Friday, December 18, 2009

Editorial: Is APS reacting to conservation savings?

Sometimes I despair that the unnamed Courier editor is even capable of seeing past I-me-mine. Today's editorial notes that people are conserving energy (a good thing), and that APS wants higher rates (a normal thing), and jumps to another logic-free connection.

Perhaps someone should explain to the editor that people are conserving energy because they need to save money. If energy were cheaper, we'd have less conservation.

Meanwhile the fuels that APS uses are increasingly expensive and supplies are inevitably diminishing. The grid system we all rely on for electric power is technologically Stone Age and under-maintained, raising both fixed and labor costs. Shareholders demand profits, so managers must demand prices. That's just how it is. Reducing electricity use does not reduce generation -- the potential across the wires is always the same. So the only way to reduce costs in response to conservation is to reduce capacity, by taking generators offline. We're a long way from that kind of savings, and it'll probably never happen to any significant degree. What actually happens is that most of what we don't use here is used somewhere else. The rest is simply wasted as unused potential.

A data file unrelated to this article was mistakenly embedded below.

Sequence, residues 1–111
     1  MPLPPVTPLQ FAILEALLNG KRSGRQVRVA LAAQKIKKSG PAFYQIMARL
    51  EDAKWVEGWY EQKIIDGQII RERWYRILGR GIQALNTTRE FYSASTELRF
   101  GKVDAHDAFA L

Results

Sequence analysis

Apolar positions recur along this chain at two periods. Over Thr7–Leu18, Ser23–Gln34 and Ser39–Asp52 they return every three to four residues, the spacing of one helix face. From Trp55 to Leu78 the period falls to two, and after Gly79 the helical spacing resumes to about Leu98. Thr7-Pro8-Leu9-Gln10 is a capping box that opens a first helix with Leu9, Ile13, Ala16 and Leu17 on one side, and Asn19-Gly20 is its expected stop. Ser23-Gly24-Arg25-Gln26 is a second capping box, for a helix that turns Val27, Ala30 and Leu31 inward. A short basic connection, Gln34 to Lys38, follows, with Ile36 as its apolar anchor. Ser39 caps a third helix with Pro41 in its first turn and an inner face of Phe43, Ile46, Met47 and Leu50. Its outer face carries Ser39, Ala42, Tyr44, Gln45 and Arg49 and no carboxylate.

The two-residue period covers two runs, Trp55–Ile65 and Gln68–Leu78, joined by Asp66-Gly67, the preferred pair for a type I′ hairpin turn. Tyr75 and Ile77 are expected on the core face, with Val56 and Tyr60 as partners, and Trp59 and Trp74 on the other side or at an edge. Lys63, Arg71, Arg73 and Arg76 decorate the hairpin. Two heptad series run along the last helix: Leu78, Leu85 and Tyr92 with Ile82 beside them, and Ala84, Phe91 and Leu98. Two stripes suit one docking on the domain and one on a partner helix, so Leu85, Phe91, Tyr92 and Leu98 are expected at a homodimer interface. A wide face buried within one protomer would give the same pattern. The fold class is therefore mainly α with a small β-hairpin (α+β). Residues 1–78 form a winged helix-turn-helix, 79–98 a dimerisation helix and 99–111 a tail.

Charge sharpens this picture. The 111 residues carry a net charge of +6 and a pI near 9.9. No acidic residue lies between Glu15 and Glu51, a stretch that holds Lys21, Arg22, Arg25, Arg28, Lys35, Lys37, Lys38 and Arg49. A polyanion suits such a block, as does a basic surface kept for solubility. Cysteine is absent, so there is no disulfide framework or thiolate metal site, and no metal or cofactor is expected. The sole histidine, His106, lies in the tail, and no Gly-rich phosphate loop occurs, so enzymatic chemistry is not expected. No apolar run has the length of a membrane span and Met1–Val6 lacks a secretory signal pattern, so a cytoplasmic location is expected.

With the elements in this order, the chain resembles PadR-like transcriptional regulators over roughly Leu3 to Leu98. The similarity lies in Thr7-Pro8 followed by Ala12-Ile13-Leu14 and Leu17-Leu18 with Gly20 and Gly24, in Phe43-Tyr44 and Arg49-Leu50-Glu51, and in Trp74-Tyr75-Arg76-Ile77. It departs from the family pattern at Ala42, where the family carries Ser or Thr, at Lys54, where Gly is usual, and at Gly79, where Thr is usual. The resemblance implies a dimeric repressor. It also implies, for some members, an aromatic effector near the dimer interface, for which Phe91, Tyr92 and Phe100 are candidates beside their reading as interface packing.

I have to say that higher energy prices -- prices that more faithfully reflect the true costs of the stupid system we have -- are good for us in that they force us to conserve and allow sensible alternatives to compete. Any sane projection for the future includes far higher prices for fossil fuels. Let's get used to it, and make lemonade.

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